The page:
Needles to achieve the width of fabric or chest of the garment, while Courses to the length of the fabric or garment. In Standard Tension SPI = GG (SPI, Stitch per Inch). These beings so, if in 1 square inch fabric there are 7 needles and 7 courses then it’s a 7G fabric made in 7G M/C. To knit a panel measuring 30X30” in 7G machine, as an example, a total of 210 needles and 210 courses will be required. SPI will not agree to GG if tension deviates from the standard, thus require more or fewer needles and courses in the same machine.

The following table will exhibit the various gauges and the identical Needles & Courses under SPI = GG;

** Minimum & maximum ends usually used in knitting

In flat knitting one of the problems frequently experienced is either plus or minus tendency of body panels. To correct the measurements one needs to count first the Ns & Ks given in the knitted panels to see whether the same are at par or excess or less than what actually required, depending upon the Gauge and Tension of the fabric or machine. While needles are easy to count as each and every wale representing one needle, courses are to view from different angles to count. These can be counted either from face or back of the fabric or panel. In face two flowers = 1 Course and in back two rows = 1 Course. These can be cleared from the following visual presentation;

** Each & every loop line or course line (vertical) is a needle

Since needles to chest or width and courses to length, correcting deviations in chest measurement needles are required to be adjusted (activation & deactivation), while courses are required to be adjusted to correct the measurement of body length. All these adjustments are to be made keeping in mind the required weight of the garment. Technically weight of the garment depends on loads of Ns & Ks. A customer might not agree to lift the order if underweight by more than ½ lbs. /dozen garments. And overweight will result in short in production. When adjustments of needles and/or courses could not work, adjustments in tension can be made as a last resort to correct the fabric and the measurements as well.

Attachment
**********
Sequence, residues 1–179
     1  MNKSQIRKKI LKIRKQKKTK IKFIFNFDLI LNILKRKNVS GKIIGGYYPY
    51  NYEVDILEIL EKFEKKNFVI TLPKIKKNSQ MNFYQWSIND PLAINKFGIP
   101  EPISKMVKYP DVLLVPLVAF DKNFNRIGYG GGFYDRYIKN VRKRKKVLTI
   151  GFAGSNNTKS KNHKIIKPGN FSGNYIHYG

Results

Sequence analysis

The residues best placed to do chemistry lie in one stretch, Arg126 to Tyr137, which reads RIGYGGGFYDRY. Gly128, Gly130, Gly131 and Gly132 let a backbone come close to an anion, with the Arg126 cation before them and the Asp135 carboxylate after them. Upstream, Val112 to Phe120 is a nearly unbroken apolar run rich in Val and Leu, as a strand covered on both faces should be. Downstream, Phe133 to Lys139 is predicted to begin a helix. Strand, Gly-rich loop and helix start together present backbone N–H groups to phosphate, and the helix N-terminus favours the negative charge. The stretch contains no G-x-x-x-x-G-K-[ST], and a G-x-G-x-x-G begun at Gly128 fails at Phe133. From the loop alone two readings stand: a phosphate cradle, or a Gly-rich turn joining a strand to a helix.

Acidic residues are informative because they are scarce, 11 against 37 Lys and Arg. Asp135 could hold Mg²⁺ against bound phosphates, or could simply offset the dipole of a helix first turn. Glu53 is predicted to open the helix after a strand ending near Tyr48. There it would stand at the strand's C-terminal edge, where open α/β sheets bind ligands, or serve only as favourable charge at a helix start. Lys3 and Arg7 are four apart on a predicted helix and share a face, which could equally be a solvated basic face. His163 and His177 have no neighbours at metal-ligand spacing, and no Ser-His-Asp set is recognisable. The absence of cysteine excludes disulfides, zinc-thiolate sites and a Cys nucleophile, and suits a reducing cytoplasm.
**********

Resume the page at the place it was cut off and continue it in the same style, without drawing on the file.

The shapes, curves or designs of the sweaters are achieved by a term called Fashioning. Thus, sweaters are named fully fashion garment. This is the distinguishing feature of flat knit sweaters standing it out from the rest of knits. The very fashioning is done by a process termed Widening & Narrowing. Needles are activated or de-activated with courses to shape the garments.

To widen (say, bottom ribbing to the body) needles are activated with courses depending upon the rise of the widening and reverse is effected while narrowing (Say, Armhole curve) a body part.
ribbing in knitted garment
The activation or increasing of needles is done by pushing the needle in the groove up, while de-activation or decreasing is done by pushing the needle down. The perfection of shapes and curves depend on how masterly designer tune the needles and courses in drawing knitting chart.

Calculation of direct knitting wages or costs depends upon types of machines. Where hand driven knitting machines are used, wages fixed upon the basis of pieces knitted by a knitter in a shift. For machine driven auto knitting machines it is based upon minutes required to knit a piece of garment.

About the Author:
Sharfuddin Ripon has served Bangladesh RMG industry for 20 years in various corporate positions. Associated with BGMEA Institute of Fashion & Technology, BIFT, Chittagong as guest faculty of Apparel Merchandising. He has published many articles on his blog Quality Fashion Lines.

Post a Comment

Previous Post Next Post

Contact Form